Preparing for 2021 and Beyond
In 2014, Africa Development Program launched its programs in Rwanda and Uganda with a mission to drive the collective action of rural entrepreneurial women to advance sustainable business and economic independence. We knew that we wanted to work with groups of women because we believe that collective action, training, and enterprise are proven pathways for empowering rural women to achieve their livelihood goals.
We also knew that our entry point would be agriculture because seventy percent of rural women practice rain-fed subsistence farming. From the onset we knew that we would take our lead from the women’s own understanding of their needs and aspirations and build on the strengths and success of existing collectives/ cooperatives. In addition, we would work alongside the local government to insure the sustainability of our efforts. Our programs have yielded significant success for over 450 women who are now members of thriving cooperatives.
What we have learned, as we have grown, is that if we want to promote women economic empowerment, we must look beyond a single-entry point – agriculture – and instead adopt a more flexible approach to address the needs and concerns of women farmers. Since most of the households that we support are not connected to the electricity grid, access to solar energy would greatly enhance their livelihood. In addition, many of the cooperative members are interested in starting micro-businesses therefore, there is a need for vocational and small-business training. It is this learning that led us, in 2019, to add a vocation program and solar kiosks (run by women and that sell solar home lighting products) to our program offering.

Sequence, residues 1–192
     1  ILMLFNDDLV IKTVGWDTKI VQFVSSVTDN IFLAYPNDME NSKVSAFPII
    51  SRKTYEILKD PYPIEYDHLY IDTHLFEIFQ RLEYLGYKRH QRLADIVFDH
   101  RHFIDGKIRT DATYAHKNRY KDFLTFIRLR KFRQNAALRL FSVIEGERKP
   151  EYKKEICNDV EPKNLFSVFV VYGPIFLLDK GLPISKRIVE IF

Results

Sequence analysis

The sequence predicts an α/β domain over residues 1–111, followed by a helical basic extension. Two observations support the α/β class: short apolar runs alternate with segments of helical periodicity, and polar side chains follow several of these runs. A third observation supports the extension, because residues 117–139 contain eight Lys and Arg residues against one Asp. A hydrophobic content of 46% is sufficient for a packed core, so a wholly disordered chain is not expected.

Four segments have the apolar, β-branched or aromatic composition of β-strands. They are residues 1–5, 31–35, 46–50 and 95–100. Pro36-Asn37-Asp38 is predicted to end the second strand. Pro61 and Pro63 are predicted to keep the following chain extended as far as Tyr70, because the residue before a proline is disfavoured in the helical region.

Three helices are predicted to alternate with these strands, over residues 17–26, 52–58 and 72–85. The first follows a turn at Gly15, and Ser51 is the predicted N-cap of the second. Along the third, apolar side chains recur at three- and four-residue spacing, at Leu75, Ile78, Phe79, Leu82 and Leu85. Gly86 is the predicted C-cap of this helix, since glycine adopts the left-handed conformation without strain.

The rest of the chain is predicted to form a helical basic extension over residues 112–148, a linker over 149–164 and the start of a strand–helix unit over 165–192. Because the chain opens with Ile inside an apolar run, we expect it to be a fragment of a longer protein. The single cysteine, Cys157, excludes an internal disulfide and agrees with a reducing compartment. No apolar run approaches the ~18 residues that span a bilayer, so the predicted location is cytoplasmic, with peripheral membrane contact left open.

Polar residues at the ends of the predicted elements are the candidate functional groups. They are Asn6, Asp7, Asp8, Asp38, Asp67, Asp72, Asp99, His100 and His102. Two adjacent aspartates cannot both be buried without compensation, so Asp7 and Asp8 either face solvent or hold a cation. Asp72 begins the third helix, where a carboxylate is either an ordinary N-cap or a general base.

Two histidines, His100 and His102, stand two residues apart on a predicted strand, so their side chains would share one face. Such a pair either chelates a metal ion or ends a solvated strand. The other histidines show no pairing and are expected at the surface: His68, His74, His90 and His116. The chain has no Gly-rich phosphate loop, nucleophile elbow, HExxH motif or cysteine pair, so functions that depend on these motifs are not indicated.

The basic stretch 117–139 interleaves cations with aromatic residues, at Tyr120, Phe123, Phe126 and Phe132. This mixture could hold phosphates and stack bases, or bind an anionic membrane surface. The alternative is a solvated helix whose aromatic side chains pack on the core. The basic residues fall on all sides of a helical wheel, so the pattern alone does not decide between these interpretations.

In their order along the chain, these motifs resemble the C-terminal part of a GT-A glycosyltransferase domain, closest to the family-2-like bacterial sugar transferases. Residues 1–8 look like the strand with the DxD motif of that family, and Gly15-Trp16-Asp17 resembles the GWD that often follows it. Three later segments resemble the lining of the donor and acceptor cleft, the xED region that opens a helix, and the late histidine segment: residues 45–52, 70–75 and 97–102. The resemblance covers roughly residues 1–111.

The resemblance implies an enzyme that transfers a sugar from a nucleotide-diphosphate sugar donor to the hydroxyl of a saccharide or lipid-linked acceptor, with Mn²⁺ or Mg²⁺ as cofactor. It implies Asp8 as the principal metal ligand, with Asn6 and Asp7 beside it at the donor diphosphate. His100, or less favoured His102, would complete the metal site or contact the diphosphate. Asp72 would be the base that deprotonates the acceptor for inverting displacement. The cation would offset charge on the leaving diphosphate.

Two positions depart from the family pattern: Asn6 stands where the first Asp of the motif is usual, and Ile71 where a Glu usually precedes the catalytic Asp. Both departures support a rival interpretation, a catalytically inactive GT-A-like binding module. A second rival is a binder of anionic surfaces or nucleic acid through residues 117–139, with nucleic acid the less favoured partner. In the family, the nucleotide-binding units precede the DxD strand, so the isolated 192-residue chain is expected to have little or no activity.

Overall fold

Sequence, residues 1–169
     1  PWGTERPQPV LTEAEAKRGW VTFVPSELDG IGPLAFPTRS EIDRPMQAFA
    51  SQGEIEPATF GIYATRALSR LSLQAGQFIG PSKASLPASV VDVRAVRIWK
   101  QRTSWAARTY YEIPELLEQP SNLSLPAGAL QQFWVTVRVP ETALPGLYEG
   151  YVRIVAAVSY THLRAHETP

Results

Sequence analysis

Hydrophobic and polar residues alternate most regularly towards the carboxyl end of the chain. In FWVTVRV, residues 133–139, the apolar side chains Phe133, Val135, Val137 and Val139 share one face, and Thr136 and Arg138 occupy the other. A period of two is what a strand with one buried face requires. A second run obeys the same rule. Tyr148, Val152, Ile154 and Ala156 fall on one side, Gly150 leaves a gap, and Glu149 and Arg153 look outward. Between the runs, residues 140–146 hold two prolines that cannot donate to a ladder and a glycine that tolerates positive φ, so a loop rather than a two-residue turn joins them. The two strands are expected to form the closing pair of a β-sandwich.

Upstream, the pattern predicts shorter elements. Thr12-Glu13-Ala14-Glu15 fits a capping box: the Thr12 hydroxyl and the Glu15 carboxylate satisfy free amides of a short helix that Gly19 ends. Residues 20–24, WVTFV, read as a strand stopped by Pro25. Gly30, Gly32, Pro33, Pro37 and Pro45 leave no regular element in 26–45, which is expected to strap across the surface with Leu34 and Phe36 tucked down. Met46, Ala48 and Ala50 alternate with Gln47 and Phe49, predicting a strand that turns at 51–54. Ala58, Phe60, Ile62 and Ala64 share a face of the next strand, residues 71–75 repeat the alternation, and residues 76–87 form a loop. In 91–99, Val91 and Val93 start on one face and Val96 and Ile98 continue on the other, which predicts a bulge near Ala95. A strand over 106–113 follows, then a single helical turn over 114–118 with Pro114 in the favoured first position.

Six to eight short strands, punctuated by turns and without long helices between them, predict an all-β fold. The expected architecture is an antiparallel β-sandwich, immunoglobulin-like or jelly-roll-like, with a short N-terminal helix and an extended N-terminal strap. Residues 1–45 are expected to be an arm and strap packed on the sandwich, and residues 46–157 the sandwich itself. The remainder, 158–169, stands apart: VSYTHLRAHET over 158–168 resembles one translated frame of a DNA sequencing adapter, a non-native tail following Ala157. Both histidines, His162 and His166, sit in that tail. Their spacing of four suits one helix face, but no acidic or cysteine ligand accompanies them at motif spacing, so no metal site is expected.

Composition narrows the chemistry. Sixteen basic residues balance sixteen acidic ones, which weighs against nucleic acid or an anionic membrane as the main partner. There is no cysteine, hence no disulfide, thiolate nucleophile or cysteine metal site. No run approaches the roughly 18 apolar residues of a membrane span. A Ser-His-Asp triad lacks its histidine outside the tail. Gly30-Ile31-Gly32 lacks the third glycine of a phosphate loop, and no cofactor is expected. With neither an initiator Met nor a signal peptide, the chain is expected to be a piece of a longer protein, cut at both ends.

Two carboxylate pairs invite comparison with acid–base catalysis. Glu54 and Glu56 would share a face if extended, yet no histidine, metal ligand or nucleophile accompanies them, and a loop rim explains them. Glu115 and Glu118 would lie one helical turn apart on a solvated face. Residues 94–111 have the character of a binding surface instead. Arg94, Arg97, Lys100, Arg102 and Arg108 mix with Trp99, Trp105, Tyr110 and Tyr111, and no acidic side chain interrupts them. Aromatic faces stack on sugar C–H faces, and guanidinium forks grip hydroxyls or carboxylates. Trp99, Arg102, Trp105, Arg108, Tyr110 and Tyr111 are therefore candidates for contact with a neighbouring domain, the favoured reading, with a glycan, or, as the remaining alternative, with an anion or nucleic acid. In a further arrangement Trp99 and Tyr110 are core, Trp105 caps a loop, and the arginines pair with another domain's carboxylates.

Time for Reflection
With the advent of the pandemic and its restrictions, Africa Development Promise has been working on short-term coping mechanisms for rural households but it has also given us an opportunity to reflect and improve. Our 2021 -2025 Strategic Plan process started with a heartfelt conversation about our mission statement. With the added programs does the mission statement really capture what we intend? Other questions that came up were “does Africa Development Promise actually drive the collective action of rural women or do we take our lead from existing cooperatives goals and aspirations?”, “does what we do lead to economic independence or improved livelihood?”
After weeks of discussion, we agreed on this new mission statement: To improve the lives and livelihoods of rural women in East Africa through training and resources that support their collective efforts to operate competitively in the marketplace. We wanted to ensure that rather than focus on Africa Development Promise’s efforts that instead we honor the women’s collective effort and their desire to operate competitively. We also wanted to capture the fact that we support other livelihood opportunities besides agriculture.
In the months ahead, we will be sharing with you the additional changes to our strategic plan but wanted to take this opportunity to share this important change. We look forward to your continued support as we expand our work to reach more rural women in Rwanda and Uganda.
Monica LaBiche Brown